C.E. Rose Elementary School is the first and only school in Arizona to receive the Excellence in Urban Education Award from the National Center for Urban School Transformation.
Nine years ago, the school was given a failing grade by the Arizona Department of Education and was about to go on corrective action. That’s when Stephen Trejo became the principal.
“We had one year to turn the school around, and it was a tough road,” Trejo says. Now, the school is thriving academically with approximately 75 percent of its students achieving proficiency in math and reading.
It is one of seven elementary schools in the country receiving the award.
C.E. Rose is in a low-income neighborhood on Tucson’s South Side. Ninety-six percent of its students are receiving free or reduced meals, 20 percent are English learners and 13 percent are students with disabilities, according to statistics from the National Center for Urban School Transformation.
Trejo’s deep commitment to the students and the community “highlights that the people who do this work and do it well, end up making the types of transformations in the way it has been done at C.E. Rose,” says Lynne Perez, associate director for the National Center for Urban School Transformation.
“They face the same challenges as other urban schools do, they serve similar populations, but the difference is that they’re getting incredibly remarkable results for all groups of students,” says Perez.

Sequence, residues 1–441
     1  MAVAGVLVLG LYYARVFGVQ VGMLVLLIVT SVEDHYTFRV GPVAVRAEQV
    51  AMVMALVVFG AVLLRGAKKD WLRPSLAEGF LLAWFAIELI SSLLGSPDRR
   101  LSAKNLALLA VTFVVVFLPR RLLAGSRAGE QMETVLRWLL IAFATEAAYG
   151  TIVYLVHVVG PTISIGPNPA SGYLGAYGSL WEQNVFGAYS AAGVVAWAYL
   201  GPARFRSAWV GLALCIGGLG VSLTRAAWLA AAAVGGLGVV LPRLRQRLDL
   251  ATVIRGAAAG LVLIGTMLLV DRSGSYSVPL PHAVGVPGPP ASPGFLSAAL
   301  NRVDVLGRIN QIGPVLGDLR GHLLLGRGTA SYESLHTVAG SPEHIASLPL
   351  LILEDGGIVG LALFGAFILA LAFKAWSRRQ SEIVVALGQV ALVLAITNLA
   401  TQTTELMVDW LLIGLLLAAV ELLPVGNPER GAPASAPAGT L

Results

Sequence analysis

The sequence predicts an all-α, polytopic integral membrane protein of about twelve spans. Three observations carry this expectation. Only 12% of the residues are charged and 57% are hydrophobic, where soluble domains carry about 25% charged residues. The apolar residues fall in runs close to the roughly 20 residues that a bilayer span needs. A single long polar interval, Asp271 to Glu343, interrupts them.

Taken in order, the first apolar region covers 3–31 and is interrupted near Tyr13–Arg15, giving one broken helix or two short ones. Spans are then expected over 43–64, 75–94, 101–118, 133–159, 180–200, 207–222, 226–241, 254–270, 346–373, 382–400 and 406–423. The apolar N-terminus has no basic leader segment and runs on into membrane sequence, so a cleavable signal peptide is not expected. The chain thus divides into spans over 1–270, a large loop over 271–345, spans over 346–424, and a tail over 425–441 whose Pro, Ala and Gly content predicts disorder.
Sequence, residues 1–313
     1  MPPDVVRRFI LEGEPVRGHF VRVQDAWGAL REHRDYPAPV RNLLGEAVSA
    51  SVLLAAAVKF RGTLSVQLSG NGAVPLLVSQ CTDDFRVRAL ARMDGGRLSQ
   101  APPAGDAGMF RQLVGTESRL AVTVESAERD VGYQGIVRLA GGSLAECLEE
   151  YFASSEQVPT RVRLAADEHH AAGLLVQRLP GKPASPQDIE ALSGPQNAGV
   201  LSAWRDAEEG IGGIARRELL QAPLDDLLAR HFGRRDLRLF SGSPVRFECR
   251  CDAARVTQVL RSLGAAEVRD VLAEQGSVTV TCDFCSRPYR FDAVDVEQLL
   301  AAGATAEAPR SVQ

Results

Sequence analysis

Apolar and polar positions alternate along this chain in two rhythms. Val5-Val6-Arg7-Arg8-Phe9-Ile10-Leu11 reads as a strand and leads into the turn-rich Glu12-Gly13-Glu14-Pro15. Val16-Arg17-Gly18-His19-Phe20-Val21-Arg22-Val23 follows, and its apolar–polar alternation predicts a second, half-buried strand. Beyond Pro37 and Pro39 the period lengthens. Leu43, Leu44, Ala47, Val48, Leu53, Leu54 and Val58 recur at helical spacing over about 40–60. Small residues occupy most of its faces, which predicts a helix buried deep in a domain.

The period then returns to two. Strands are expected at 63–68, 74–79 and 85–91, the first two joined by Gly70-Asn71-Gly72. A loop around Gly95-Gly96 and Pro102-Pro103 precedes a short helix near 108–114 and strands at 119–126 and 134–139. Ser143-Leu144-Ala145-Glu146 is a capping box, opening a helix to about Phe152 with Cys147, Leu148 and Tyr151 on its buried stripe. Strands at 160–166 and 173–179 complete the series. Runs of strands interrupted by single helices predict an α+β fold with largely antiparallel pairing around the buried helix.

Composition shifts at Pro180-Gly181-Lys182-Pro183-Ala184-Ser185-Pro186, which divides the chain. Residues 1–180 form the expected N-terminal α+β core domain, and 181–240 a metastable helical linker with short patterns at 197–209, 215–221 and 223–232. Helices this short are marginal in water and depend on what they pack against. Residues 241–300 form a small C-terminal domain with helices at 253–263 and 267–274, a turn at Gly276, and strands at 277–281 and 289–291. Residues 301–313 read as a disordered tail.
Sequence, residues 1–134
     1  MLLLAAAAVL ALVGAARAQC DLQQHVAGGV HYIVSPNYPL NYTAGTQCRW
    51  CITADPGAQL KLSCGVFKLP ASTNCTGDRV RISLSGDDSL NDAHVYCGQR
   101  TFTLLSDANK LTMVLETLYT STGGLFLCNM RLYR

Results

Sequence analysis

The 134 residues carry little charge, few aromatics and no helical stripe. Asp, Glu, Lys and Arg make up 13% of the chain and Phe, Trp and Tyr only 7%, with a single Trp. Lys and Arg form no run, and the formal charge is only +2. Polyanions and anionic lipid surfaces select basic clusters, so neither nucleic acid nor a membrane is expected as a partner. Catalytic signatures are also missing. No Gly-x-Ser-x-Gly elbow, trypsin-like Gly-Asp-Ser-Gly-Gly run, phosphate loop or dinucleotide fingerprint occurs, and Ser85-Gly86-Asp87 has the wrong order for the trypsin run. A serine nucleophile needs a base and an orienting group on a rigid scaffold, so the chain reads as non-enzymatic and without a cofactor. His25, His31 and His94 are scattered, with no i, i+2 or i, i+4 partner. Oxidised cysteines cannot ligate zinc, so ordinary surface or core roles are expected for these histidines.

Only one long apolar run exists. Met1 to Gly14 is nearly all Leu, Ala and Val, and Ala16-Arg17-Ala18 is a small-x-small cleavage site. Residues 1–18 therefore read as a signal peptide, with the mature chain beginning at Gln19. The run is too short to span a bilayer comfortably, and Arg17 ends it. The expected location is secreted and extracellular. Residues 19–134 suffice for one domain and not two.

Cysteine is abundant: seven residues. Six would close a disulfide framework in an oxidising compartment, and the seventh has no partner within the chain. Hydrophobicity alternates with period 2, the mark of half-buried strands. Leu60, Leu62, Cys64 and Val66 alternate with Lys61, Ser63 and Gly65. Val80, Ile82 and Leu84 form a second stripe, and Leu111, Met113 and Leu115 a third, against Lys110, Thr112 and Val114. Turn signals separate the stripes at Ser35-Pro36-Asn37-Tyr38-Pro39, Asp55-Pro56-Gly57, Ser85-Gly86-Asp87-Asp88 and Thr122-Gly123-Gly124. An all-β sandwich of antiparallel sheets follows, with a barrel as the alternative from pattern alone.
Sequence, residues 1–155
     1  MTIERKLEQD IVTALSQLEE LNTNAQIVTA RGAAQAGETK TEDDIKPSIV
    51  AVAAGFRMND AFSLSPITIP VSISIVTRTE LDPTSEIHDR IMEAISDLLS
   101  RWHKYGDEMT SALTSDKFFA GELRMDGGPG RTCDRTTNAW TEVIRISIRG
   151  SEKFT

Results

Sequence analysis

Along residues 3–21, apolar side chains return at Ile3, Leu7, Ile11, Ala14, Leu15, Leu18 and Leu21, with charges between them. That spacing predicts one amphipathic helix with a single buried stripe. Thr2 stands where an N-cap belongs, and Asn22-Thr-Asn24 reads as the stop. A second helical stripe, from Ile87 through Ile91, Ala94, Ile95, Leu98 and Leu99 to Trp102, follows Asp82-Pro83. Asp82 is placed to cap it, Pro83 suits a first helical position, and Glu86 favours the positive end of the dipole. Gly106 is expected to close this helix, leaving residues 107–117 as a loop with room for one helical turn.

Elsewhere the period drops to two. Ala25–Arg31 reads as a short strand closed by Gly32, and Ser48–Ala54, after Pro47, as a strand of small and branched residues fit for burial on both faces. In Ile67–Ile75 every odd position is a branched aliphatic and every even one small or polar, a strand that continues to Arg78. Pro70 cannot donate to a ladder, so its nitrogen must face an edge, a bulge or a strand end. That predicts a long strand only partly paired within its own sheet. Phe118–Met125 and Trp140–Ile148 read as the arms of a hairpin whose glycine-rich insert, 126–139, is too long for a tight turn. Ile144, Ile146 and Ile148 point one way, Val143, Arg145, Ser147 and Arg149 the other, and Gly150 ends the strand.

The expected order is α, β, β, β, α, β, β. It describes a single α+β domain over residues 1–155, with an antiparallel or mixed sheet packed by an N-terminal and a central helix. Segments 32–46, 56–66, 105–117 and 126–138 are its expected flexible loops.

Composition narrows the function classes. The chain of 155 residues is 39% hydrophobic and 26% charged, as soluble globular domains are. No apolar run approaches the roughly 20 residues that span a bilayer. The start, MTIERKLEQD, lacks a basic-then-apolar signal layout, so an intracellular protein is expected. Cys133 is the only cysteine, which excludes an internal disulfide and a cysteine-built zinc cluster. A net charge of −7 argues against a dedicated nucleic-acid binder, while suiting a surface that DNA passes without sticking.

Trejo credits teachers, staff and parents for pushing the students to do their best.
Jawney Rios, 12, has been at C.E. Rose for the last three years. She’s in the sixth grade now and she says her grades have improved dramatically since she switched to this school because teachers don’t let any student fall behind.
“If you’re having trouble, this school teaches you not to get down on yourself,” Rios says. “They push you and they believe in you, and if you ever feel lonely, they’re going to make you feel like you’re welcome and like you belong.”
That type of self-esteem is only half of what Trejo wants from students. He says it’s about them knowing that they are capable.
“When a child starts seeing themselves as successful, they start behaving this way,” Trejo says. “But you can’t tell them that if they know they’re not successful.”
At C.E. Rose, students keep track of their improvement through a data notebook program. Students are responsible for knowing how they are doing in reading, writing, where they are falling behind and how they have scored on state standardized testing, Trejo says.
The number of students who are sent to the principal’s office for discipline issues has gone down from 150 in a school year to about 40, Trejo says. The center looked at the discipline of students at C.E. Rose as part of the judging criteria.
It has not been easy for C.E. Rose to be one of the top urban schools in the country, but it has been worth it. “Especially when our budget keeps going down, yet our achievement keeps going up,” Trejo says.